Bear in mind | In Our Opinion

Yes, we admit it. We got a little excited.

Last week’s news that a black bear had been sighted on Bainbridge Island left us a bit thrilled.

In fact, you could say we could barely contain ourselves.

If you missed last week’s story, it was a little wild. But bear with us; here’s the bear essentials. A black bear was seen by residents in a bunch of different neighborhoods on Bainbridge, prompting local police to warn islanders about being cautious should they have an animal encounter.

As reports continued to come in, the state Department of Fish &Wildlife set a trap for the bear, using donuts for bait.

The big trap, authorities said, was loaded for bear.

Wildlife officials prefer to keep the exact location of the trap a secret, mainly to keep people away in hopes that the bear will find the donuts before police do.

The whole idea of trapping the bear and sending it to some remote wilderness area that’s far, far away has created a bit of a debate on social media, however. Opinions have been divided, but folks have kept the discussion civil, and things haven’t yet gotten unbearable.

To recap, some are saying the bear should be left alone to roam, maybe to eventually swim back to where it came from, the other side of Agate Pass.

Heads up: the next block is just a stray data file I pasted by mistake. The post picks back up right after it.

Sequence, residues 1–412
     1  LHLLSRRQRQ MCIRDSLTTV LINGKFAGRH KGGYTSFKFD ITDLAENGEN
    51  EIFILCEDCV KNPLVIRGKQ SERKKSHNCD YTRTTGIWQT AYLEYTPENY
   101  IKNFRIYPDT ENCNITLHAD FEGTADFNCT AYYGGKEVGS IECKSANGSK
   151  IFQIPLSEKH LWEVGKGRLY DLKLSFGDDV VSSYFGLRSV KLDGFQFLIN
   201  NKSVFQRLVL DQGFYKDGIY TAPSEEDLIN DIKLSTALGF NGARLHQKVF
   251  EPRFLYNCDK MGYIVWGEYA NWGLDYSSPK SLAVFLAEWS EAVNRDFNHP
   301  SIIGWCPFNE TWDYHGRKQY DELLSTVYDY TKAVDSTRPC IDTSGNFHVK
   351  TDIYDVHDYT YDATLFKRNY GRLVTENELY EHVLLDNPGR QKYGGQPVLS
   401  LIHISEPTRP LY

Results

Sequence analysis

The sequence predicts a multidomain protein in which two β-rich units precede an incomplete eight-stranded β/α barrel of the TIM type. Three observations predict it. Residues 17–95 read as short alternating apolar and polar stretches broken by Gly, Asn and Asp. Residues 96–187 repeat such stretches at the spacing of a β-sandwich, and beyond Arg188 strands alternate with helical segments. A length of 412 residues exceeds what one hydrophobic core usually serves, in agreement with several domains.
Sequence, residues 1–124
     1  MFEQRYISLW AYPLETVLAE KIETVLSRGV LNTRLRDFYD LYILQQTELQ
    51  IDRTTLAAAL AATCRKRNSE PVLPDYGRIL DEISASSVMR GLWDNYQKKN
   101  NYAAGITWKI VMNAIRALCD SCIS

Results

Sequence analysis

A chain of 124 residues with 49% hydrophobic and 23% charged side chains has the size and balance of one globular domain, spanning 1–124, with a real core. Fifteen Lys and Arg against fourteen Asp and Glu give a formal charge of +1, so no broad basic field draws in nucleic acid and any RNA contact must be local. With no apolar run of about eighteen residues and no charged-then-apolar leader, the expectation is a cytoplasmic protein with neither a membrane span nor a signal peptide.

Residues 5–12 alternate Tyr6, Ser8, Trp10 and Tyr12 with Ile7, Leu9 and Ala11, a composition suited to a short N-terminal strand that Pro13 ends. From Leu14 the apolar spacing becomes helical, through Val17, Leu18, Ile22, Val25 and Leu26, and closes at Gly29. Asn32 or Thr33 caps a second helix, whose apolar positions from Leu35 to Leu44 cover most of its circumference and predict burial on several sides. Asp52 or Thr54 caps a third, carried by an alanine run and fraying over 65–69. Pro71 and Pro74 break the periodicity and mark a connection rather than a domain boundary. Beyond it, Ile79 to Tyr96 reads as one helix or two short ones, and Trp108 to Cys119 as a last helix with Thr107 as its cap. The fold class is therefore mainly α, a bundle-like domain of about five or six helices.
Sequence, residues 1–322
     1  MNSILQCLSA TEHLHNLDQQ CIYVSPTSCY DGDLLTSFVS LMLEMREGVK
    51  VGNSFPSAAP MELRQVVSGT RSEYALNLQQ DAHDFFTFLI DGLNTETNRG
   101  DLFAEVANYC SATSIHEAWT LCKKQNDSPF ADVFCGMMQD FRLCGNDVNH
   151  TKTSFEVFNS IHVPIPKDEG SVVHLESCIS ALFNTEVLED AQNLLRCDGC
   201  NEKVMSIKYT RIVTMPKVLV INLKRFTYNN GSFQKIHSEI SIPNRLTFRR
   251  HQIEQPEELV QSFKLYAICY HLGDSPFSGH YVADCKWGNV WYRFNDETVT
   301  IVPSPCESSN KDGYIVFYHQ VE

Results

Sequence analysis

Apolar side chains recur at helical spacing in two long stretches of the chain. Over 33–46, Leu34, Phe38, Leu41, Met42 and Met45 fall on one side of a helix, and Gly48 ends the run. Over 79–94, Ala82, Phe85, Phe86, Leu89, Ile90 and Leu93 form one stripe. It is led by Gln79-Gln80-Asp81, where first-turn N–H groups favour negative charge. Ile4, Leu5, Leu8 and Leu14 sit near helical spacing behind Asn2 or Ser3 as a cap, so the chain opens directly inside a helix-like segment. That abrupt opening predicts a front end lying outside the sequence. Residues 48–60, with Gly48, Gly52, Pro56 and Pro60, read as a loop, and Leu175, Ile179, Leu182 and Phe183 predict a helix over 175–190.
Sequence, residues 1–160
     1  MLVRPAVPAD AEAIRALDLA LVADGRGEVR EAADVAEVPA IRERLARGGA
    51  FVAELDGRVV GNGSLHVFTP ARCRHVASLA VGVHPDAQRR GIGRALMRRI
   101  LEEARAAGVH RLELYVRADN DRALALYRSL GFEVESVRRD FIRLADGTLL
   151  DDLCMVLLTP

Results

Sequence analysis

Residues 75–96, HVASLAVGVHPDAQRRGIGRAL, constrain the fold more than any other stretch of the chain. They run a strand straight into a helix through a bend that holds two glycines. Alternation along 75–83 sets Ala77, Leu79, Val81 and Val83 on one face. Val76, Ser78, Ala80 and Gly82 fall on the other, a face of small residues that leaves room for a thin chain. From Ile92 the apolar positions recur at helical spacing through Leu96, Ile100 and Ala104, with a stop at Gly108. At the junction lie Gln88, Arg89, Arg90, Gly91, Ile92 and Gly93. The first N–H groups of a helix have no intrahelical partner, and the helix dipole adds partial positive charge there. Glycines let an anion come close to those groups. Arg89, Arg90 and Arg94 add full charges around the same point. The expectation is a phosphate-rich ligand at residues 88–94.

Others have noted that bears really aren’t so rare on Bainbridge, and their visits here occur more often than reported. That may be true, and we shudder to think, because it may be more than one can bear.

Still, having something so wild on Bainbridge is pretty special. We can’t help but root for the bear, and hope he eludes capture.

Sure, he may have swiped a little birdseed here and there, but he’s not a major criminal, and hasn’t left a wide swath of bruin ruin across Bainbridge. And he’s probably only on Bainbridge looking for a quick bite to eat, or a roll of toilet paper to snuggle with, as we often see bears do on television.

Maybe we should adopt the bear as a mascot of sorts for the island, and give him a cute and catchy nickname that could help convince authorities to leave him be (our suggestion: “Colton Bearuss Moore — the original Bearfoot Bandit”).

Or perhaps there’s a lawyer on the island who can take up his cause, and defend his constitutional rights for existing here. Surely, a strong case can be made for his right to bear arms.

In the meantime, let’s hope he’s smarter than the average bear, and doesn’t become tempted by any tasty pastries or pic-a-nic baskets. We’re confident he can find the bare necessities for his survival elsewhere in the woods. Run, Colton, run!